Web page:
Lilium pyrophilum - M.W.Skinner & Sorrie
Sandhills Lily
Other Common Names: sandhills lily
Taxonomic Status: Provisionally accepted
Unique Identifier: ELEMENT_GLOBAL.2.161333
Element Code: PMLIL1A100
Informal Taxonomy: Plants, Vascular - Flowering Plants - Lily Family
Image 10803

© Wayne Irvin

 
Kingdom Phylum Class Order Family Genus
Plantae Anthophyta Monocotyledoneae Liliales Liliaceae Lilium
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Concept Reference
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Concept Reference: Skinner, M.W. and B.A. Sorrie. 2002. Conservation and ecology of Lilium pyrophilum, a new species of Liliaceae from the Sandhills region of the Carolinas and Virginia, U.S.A. Novon 12: 94-105.
Concept Reference Code: A02SKI01HQUS
Name Used in Concept Reference: Lilium pyrophilum
Taxonomic Comments: New taxon (Skinner and Sorrie 2002) from the Sandhills region of the Atlantic Coastal Plain from Virginia to South Carolina, (most or all material included here was formerly treated as northern Lilium iridollae). The species is most closely allied to L. superbum.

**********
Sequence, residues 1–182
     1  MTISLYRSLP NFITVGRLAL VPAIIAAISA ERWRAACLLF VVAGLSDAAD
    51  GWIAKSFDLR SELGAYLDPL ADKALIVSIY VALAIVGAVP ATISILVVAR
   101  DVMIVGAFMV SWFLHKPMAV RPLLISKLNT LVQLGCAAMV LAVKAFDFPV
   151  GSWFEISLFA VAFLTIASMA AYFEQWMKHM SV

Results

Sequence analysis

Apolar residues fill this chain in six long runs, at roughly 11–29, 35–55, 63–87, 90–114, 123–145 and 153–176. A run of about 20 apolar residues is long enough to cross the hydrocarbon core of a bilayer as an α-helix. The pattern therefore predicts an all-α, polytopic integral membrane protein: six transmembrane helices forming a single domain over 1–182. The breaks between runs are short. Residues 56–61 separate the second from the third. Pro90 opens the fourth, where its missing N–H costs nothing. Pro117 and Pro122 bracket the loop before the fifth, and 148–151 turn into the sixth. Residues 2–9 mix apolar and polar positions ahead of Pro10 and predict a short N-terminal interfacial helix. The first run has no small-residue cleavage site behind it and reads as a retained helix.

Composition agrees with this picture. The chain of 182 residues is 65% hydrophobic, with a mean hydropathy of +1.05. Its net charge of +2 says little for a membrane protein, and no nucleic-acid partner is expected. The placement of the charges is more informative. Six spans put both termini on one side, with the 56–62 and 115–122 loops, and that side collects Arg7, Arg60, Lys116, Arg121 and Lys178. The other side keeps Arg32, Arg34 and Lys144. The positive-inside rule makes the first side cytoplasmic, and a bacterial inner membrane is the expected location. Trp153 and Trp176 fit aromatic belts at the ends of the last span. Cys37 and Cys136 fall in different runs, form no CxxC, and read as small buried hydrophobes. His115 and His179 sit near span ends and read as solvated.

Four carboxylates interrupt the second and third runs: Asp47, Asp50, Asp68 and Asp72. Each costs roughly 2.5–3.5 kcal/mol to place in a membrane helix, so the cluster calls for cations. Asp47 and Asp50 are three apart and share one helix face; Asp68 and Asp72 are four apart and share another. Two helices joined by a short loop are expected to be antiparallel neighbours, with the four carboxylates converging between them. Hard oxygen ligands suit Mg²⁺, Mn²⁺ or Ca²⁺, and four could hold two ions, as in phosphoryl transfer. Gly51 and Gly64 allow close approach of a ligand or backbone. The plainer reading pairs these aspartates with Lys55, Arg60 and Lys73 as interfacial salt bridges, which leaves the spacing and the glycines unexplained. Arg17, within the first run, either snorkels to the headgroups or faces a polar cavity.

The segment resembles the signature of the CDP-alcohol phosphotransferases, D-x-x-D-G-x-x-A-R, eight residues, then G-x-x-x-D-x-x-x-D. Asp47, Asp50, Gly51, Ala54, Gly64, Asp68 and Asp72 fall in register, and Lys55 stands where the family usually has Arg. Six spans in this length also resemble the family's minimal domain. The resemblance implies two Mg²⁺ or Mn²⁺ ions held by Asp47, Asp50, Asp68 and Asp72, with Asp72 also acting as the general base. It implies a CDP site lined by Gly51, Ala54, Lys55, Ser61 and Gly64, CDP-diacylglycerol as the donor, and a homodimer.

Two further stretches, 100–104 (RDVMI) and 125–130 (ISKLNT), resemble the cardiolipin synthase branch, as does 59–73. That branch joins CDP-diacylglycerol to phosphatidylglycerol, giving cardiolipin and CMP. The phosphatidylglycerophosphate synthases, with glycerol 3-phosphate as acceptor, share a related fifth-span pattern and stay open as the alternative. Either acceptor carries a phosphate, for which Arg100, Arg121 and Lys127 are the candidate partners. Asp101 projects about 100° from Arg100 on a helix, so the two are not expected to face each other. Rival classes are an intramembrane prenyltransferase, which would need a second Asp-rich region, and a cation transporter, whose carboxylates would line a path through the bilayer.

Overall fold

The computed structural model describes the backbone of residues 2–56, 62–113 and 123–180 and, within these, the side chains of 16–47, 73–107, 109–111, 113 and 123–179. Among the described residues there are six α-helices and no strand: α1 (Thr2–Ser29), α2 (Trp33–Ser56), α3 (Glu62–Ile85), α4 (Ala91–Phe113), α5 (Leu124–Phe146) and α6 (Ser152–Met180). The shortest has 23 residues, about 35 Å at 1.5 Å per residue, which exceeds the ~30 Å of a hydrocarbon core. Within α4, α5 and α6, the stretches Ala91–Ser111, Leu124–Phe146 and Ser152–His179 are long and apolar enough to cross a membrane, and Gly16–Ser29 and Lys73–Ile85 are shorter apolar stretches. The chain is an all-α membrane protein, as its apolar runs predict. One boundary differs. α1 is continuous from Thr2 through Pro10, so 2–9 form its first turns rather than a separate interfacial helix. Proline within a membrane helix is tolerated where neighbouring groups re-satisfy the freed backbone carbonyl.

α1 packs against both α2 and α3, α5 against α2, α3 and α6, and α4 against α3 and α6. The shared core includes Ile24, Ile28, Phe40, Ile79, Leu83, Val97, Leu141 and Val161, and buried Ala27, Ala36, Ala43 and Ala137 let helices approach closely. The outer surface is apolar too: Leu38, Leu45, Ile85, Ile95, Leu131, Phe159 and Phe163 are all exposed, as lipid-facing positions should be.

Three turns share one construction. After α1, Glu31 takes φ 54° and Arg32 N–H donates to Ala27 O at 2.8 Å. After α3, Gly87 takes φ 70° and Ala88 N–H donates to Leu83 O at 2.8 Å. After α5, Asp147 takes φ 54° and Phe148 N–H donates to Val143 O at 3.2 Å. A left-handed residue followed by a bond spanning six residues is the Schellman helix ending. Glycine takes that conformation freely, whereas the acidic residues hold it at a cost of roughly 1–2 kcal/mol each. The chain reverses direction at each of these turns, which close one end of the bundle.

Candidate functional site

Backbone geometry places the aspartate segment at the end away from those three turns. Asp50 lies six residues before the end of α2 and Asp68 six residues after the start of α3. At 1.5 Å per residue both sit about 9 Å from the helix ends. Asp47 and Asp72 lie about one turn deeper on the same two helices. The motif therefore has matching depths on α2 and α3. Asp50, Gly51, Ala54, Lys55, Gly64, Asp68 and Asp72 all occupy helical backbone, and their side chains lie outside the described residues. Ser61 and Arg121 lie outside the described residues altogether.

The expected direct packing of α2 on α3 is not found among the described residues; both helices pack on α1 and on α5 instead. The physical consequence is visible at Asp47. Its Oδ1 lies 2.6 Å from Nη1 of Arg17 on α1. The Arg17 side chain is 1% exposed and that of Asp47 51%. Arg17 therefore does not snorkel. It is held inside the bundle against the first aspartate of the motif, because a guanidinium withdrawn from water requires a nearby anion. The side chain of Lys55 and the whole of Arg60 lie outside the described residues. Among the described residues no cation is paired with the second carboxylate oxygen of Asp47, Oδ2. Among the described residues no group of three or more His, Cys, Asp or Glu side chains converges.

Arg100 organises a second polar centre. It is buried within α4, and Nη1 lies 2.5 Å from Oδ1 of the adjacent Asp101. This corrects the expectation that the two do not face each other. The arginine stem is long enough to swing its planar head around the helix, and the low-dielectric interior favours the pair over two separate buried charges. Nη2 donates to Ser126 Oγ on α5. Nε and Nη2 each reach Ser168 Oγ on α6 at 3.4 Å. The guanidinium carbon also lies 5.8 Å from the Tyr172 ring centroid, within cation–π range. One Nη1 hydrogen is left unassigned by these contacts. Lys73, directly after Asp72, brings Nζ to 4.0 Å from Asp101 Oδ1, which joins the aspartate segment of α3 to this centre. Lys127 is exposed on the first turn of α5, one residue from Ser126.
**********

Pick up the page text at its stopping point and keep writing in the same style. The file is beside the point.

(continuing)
Conservation Status
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NatureServe Status

Global Status: G2
Global Status Last Reviewed: 10Mar2005
Global Status Last Changed: 05Feb2004
Rounded Global Status: G2 - Imperiled
Reasons: Only about 200 individuals plants have been documented at fewer than 50 sites. Restricted to an extremely narrow range and set of habitat conditions. Fire suppression and conversion of streamheads to fishing ponds, farm impoundments, and other uses has severely reduced the available habitat. Most populations known extant are on properties that are periodically managed with prescribed fire or where periodic mowing takes place along rights-of-way. Use of herbicides is a concern for populations in rights-of-way.

Nation: United States
National Status: N2?

U.S. & Canada State/Province Status
United States North Carolina (S2), South Carolina (S1), Virginia (S1)

Other Statuses

NatureServe Global Conservation Status Factors

Range Extent Comments: Southeastern Virginia (Greenville and possibly Sussex counties only per J. Townsend) to southcentral South Carolina, wholly within the Coastal Plain; most populations are in the Sandhills region on the interior Coastal Plain of southeastern North Carolina (Skinner and Sorrie 2002).

Number of Occurrences: 21 - 80

Number of Occurrences with Good Viability/Integrity: Few to some (4-40)

Overall Threat Impact: Medium
Overall Threat Impact Comments: Potentially attractive to collectors and photographers due to large, showy, flowers, yet less than 300 known to exist globally (Sorrie 2004).

Environmental Specificity: Very narrow. Specialist or community with key requirements scarce.

Other NatureServe Conservation Status Information

Distribution